Into what kind of life?
Tristaan's mind drifted downward with his lovely witch's sounds of pain—her tones lower, more guttural—distracted in his own thoughts for several moments. Tired, leaning against the tub and losing himself in the darker depths of his self-doubt and fear. Was this how labor was supposed to go? So long? Was everything alright? How would they know if something was wrong? What could he do?
Gods, it was—
"What—somethin'—oh—" The dark-haired passive blinked, reaching for her as Sarinah stood, dragged back to the very real rawness of this moment and back into himself, not thinking but just doing, grey eyes wide and attention suddenly totally focused.
Something burst? Her waters, judging by the bath.
That's what she'd felt.
Slowly, cautiously, he couldn't help but smile again. Nervous anticipation and that helpless fear writhed beneath his excited expression, hands moving to support the olive-skinned witch who had clearly reached some new place in her labor. He made very ginger attempts with whatever threadbare towel was in place to dry her a little, wincing as her fingers curled into a sore shoulder,
"Somethin' wrong? Somethin' jus' right?" He had to ask, more of a whisper, moving them both toward the bed at the sound of much more urgent need, "Feel like what?" All the various instruction and advice he'd been given over the past several months seemed to flood his mind all at once, a mixed up jumble of voices and terminology, expectations and warnings. He hovered, attempting to help her find some comfortable position that no longer existed with a babe attempting to make its exit from narrow places,
"I'm here, but y' gotta talk t' me." Calloused thumbs brushed flushed, tear-stained cheeks and he fought his own anxious emotions that stung the edges of his eyes and tightened his lungs. He was known at being the quick thinker in a pinch, the ace up a sleeve in a tight spot, the one who knew what to do when no one else did.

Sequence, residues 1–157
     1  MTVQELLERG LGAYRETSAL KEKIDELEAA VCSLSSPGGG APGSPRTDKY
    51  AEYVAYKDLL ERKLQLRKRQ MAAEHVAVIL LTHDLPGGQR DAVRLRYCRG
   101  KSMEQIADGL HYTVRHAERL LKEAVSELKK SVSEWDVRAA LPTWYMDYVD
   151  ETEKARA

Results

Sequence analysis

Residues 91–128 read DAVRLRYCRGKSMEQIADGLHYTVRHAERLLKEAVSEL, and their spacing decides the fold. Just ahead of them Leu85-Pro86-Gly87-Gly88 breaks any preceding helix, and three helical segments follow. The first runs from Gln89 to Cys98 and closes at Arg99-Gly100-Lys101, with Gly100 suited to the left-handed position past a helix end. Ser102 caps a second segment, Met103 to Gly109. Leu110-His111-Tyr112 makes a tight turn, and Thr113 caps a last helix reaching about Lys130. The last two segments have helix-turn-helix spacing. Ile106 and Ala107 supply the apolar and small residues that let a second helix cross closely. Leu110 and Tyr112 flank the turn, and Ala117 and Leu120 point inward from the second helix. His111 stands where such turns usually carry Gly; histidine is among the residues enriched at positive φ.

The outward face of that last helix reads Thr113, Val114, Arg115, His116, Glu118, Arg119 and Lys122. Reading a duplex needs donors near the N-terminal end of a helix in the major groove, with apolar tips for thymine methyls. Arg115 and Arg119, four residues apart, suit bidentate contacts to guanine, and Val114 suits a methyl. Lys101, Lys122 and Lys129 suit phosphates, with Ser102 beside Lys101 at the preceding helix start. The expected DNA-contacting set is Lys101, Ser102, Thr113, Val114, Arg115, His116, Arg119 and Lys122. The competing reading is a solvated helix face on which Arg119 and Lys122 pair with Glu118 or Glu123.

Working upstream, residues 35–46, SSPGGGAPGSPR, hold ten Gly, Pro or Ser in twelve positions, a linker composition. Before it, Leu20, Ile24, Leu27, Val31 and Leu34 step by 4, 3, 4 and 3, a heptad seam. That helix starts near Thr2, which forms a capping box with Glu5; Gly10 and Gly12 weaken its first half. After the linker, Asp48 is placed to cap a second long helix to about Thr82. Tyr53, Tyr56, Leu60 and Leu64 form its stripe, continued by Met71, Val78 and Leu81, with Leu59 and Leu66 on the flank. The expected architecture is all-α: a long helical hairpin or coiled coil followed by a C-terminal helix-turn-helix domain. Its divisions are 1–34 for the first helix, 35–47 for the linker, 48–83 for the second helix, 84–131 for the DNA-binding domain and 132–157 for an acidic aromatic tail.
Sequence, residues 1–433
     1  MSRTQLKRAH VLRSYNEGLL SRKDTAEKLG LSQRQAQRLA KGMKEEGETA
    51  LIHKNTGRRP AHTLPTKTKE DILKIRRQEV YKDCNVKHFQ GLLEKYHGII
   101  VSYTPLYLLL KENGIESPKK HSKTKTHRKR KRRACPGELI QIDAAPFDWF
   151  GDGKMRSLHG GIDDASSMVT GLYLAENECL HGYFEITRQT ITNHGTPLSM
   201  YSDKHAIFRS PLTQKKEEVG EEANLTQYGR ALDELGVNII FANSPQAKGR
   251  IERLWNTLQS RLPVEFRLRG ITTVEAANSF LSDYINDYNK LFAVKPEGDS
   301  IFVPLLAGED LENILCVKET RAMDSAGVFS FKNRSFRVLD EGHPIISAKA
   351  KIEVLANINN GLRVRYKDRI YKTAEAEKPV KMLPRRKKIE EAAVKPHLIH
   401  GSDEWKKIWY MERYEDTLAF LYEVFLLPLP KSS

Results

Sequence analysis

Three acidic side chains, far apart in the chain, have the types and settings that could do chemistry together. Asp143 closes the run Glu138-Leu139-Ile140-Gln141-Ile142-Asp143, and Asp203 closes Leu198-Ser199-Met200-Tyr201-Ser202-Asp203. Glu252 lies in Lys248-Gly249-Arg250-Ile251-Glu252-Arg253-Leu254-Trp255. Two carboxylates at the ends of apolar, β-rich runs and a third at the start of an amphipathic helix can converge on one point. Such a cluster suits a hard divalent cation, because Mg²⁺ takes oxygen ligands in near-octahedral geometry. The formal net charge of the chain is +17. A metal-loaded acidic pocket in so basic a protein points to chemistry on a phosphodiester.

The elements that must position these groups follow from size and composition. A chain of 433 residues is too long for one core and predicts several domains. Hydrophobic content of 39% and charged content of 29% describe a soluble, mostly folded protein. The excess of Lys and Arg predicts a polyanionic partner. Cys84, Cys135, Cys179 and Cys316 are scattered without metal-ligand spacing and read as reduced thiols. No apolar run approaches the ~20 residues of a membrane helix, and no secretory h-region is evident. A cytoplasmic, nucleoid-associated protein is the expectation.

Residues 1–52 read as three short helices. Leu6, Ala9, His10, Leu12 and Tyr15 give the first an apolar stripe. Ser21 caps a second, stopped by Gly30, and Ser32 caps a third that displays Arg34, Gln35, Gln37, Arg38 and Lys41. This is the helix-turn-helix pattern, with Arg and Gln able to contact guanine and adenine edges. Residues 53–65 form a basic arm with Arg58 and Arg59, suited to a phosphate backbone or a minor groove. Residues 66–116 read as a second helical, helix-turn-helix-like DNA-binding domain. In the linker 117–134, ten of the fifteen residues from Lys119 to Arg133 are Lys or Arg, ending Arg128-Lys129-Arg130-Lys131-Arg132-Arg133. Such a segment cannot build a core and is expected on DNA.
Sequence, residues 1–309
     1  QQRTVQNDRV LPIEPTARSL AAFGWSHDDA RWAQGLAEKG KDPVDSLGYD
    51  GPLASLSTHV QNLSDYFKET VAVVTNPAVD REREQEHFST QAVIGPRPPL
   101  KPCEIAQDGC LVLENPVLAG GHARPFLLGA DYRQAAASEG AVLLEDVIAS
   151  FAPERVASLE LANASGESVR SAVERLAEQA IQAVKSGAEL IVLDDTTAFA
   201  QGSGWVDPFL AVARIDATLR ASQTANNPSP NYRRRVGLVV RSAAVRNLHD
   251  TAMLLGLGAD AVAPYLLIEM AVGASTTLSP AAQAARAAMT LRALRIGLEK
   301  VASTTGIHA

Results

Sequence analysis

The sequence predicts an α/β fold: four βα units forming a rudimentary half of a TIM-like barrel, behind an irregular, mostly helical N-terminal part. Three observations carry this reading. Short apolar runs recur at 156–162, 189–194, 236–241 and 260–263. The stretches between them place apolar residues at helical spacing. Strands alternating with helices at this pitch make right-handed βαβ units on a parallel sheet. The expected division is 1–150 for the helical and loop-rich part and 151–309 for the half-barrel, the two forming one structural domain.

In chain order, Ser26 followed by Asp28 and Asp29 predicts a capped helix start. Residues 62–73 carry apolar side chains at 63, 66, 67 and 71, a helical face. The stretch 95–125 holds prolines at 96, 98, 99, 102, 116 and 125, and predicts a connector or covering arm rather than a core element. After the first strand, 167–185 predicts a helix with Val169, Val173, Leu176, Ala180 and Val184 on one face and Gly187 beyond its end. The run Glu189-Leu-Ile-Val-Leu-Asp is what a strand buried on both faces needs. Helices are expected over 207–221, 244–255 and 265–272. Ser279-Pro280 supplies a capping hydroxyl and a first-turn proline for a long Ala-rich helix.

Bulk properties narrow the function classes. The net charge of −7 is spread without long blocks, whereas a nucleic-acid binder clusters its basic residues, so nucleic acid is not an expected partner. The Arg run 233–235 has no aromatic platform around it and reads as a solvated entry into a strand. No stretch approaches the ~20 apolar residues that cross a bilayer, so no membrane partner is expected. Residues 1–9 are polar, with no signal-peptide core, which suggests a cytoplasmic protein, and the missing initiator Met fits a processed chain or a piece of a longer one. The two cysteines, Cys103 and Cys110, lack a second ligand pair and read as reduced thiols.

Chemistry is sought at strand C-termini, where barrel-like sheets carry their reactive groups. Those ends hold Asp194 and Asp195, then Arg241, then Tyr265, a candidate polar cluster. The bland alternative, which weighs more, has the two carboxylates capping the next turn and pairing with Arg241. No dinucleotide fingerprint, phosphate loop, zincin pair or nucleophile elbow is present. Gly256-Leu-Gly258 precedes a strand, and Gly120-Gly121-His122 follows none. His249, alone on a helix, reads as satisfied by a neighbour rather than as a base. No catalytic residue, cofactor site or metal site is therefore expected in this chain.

He grinned and faked confidence, "Y' wanna push, don't you?" Finally. His brain strung syllables together and his tongue managed to get them correctly out of his mouth. That was the godsbedamned word!
But that meant—
Well. It was really time now.
"Don't fight 't, hama, if that's what y' feel. Ent no sense 'n hurtin' yerself 'r th' boch. I know ye don't wanna, I know it's all scary. Alioe knows this ent where we wanna be doin' this, but, well, th' boch doesn't know that. I'm here. It's us. An' it's gonna be okay—oh, gods. Listen, I—hmm—a'ight—lemme jus'—" This also meant he had to look, really look, and while he'd certainly seen and enjoyed all of the lovely witch's body before, he'd been told things would be remarkably different. He settled her on the stool and shrugged off his shirt instead of bothering to roll up his sleeves, settling on his knees in front of Sarinah and taking one selfish moment to himself to breathe in slowly, shove away all the darkness, exhale slowly, and carefully, cautiously glance downwards,
Slow breath. Slower blinks.
"Jus'. Benny. Everythin' 's benny, macha."
You can totally do this. Oes. Tristaan, you've got this. Sarinah needs you to do this. It's fine. Everything looks fine. As far as you can tell, anyway. Gods, what did it look like before? What would wrong look like?
"Ah, hama. Good news—you've been doin' all th' right things. Better news—I'd say we're jus' 'bout done." Voice wavered with only a hint of shock at what he would only later remember was called crowning, awareness hitting him hard in the chest that their babe was, quite honestly, just a few good, painful pushes away from being in someone's hands. That someone probably being his first.
Everything he'd ever been told he might possibly need was scattered around the bed and the floor and the stool but for the life of him he couldn't remember where any of it was at this moment. He was to offer a hand, a shoulder. He was to offer support down there to prevent tears. He was to pay attention to her vocalizations and encourage her. He was supposed to—
Gods, now was not a good time to be dizzy.
"I'm excited." He admitted, even if his tone of voice revealed all of his fear without his permission, "Hamaye. Yer amazin'. There's a boch ready t' meet us an' I'm jus' gonna catch so we can be properly introduced as daoa an' da—oes?"